Here's an interesting article about Smith-Berry Winery in Henry County, Kentucky (one of the wineries whose Web site we review in The Winery Web Site Review). Kentucky, like New York, permitted in-state wine shipment, but barred those from out of state.
But Henry County isn't likely to be confused with California's wine-rich Napa Valley, even though visitors from California and New York toured Smith-Berry Winery on Kentucky Derby weekend.
An experience like that can open new markets for a boutique winery -- with one catch. Customers could buy bottles at the winery but couldn't buy them directly when they got back home.
"They enjoyed the wine," Smith said. "But it's hard to haul back wine on a plane."
A U.S. Supreme Court ruling this month may clear the way for Smith-Berry and other wineries to sell directly to out-of-state buyers.
Media coverage is important to the lifestyle-oriented marketplace of wine, and helping the media tell your story is one thing that your Web site can probably do more effectively than it does at present (Any thoughts to add here, Tom?).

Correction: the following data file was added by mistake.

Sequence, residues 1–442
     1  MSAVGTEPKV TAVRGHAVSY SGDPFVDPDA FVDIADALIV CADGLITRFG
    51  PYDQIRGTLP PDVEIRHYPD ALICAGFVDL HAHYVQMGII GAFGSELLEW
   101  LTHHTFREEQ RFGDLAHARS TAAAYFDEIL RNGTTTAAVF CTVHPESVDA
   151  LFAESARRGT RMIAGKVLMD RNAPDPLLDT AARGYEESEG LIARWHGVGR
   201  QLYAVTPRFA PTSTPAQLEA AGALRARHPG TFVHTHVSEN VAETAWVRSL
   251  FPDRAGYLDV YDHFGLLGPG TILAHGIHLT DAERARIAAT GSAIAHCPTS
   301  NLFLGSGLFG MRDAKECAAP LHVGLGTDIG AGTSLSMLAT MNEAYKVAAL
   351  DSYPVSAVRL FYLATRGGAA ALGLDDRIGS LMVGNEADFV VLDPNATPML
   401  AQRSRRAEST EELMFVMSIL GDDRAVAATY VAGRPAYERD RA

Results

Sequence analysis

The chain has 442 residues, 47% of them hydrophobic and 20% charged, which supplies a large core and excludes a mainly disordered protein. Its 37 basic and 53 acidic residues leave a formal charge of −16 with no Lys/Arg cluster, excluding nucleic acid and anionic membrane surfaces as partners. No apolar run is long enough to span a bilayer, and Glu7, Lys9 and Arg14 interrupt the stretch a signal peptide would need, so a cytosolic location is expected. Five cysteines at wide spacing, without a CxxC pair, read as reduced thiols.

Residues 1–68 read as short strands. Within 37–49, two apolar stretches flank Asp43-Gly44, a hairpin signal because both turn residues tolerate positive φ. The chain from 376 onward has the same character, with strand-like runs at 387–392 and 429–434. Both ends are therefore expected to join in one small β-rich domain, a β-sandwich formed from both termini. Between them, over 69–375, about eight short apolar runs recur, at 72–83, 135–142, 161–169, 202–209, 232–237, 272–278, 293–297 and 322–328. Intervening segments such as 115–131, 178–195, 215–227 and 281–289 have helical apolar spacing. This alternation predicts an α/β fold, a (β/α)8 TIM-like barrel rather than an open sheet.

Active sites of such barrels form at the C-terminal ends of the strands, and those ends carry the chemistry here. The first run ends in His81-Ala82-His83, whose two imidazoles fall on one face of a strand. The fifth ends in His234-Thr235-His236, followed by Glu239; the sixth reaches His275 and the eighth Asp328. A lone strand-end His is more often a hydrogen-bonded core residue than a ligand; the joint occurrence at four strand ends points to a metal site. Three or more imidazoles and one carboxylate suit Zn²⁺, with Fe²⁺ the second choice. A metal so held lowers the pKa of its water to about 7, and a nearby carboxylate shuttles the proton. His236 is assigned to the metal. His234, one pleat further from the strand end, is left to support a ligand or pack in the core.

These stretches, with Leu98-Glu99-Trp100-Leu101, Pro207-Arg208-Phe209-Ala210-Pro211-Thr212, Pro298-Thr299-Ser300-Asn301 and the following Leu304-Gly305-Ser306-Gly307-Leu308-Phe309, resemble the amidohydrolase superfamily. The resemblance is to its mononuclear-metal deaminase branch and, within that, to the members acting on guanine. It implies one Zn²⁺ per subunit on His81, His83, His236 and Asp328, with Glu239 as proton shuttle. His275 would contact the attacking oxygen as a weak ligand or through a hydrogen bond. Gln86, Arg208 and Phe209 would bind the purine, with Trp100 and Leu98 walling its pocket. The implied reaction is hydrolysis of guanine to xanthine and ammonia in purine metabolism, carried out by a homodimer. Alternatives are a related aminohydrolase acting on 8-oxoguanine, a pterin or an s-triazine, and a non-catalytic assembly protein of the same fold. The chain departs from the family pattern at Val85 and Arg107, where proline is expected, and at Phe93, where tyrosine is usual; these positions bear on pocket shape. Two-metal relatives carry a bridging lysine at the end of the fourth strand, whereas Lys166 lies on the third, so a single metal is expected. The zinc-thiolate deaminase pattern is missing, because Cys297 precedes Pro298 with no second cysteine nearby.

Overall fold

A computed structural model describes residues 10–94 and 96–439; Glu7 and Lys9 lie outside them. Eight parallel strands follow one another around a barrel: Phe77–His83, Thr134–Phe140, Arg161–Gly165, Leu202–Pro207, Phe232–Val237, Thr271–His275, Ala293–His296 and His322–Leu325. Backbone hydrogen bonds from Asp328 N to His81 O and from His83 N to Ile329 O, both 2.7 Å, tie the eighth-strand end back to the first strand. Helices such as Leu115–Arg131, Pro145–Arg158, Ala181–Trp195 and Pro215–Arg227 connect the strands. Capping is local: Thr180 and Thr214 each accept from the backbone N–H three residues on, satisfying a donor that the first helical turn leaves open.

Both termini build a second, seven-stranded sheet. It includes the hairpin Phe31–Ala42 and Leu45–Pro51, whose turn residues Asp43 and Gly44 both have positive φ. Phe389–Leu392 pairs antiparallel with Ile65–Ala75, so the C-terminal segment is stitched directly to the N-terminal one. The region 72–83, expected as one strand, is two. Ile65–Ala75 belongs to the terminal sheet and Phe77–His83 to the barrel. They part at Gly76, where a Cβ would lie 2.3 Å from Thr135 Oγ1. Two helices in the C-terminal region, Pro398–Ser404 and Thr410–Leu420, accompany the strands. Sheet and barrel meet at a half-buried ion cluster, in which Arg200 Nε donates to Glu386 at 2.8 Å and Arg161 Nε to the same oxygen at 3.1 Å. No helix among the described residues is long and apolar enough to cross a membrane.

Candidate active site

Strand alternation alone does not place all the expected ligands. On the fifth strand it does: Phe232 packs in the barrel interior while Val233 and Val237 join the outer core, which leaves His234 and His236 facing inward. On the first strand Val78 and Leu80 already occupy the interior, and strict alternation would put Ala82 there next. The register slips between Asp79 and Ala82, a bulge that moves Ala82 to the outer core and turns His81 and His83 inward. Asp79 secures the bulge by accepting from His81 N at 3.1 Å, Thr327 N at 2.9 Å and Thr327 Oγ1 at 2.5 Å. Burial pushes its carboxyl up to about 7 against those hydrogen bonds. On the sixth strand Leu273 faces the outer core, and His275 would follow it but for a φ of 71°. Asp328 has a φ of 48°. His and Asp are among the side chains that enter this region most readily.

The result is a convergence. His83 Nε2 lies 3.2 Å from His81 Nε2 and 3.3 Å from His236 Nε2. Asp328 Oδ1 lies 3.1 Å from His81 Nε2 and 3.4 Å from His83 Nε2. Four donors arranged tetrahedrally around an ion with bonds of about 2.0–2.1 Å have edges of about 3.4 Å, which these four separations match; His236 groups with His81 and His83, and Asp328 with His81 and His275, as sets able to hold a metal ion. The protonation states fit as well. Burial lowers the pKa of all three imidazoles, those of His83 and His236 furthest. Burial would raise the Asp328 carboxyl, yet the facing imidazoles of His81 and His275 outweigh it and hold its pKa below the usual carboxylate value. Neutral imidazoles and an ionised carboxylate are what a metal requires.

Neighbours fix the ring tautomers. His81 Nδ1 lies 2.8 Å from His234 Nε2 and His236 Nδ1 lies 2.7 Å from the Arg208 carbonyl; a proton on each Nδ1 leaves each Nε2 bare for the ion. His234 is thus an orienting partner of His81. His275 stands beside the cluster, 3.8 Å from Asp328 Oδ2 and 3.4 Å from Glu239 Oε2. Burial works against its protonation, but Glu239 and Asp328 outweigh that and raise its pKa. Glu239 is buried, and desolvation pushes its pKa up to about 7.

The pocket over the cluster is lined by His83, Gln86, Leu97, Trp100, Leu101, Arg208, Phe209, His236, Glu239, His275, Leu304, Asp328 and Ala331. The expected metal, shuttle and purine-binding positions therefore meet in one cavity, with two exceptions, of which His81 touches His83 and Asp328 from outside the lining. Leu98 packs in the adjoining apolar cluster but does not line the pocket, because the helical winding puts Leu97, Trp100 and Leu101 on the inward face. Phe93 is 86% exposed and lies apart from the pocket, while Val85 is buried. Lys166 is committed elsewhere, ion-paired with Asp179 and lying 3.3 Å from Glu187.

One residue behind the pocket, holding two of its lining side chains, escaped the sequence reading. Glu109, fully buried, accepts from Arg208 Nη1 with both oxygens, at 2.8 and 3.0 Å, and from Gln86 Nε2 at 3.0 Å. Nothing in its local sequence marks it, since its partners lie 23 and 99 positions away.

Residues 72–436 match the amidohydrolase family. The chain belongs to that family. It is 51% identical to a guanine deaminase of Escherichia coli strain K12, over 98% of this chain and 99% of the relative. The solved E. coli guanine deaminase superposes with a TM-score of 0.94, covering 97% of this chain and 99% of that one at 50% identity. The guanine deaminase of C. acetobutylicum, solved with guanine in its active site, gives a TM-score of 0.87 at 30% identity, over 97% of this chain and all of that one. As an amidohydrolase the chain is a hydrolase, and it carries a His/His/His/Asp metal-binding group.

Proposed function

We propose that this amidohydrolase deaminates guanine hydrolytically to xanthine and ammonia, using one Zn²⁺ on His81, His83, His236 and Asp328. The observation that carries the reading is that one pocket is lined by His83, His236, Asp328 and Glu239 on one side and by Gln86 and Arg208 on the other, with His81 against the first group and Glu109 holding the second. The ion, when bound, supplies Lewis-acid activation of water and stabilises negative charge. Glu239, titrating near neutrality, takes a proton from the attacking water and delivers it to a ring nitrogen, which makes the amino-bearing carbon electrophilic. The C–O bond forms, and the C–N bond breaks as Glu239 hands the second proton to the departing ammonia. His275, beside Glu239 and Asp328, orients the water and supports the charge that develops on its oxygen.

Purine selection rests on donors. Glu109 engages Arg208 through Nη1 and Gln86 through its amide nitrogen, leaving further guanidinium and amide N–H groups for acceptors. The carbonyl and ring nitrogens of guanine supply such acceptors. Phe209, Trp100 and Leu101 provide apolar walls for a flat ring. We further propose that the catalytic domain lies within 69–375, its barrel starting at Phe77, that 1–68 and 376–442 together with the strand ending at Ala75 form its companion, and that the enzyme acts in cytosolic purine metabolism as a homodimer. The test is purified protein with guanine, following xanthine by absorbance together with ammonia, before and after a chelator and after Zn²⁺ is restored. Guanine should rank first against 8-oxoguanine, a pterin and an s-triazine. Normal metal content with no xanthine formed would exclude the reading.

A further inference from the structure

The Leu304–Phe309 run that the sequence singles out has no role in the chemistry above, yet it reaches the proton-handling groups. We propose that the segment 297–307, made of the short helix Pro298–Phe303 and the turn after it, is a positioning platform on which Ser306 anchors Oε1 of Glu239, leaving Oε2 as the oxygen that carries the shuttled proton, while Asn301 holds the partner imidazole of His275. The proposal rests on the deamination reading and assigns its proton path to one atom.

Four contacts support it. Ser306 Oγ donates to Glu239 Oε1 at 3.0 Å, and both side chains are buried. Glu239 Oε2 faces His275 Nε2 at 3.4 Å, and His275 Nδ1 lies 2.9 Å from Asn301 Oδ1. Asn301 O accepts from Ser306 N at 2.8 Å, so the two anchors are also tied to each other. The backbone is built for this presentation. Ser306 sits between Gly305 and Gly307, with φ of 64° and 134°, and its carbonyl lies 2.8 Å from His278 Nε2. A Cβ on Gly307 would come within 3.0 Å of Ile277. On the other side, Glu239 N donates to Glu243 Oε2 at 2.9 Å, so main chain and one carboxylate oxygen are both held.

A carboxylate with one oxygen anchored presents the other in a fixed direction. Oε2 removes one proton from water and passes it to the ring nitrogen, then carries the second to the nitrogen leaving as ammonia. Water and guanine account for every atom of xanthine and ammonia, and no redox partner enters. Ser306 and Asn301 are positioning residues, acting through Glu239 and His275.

But the Web also offers great tools for finding out what people are saying about your wines online. I found the above article because I have a (free!) Google Alert for the words winery web site report, which picked up those words in the article above.
There are several tools (Google Alerts from Google, GoogleAlert from Indigo Stream, Technorati, and PubSub) all of which allow you to specify a "search of interest" and then subscribe to that search as an RSS feed. You can read more about them in these columns I wrote for NorthBay biz magazine here in Northern California:
Danger, Will Robinson! introduces the idea of automated searches to keep track of news that impacts your business and talks about Google Alert and PubSub.
Reputation Management talks about, well, reputation management. In other words, keeping track of what others are saying about your business online.
In short, you should consider creating a GoogleAlert or Technorati search for the name of your winery, and then subscribe to its associated RSS feed with Bloglines, NewsGator, or the RSS reader of your choice. Technorati focuses more on what is being said in the world of Web logs, Google searches the broader univese of Web pages. It's probably a little easier to get started with Google Alerts or Google Alert, since you can opt for e-mail notification and/or an RSS feed, and then see what Technorati or PubSub can do with the same search phrase.
Best of all, these tools are free (although most offer more extensive services for a fee).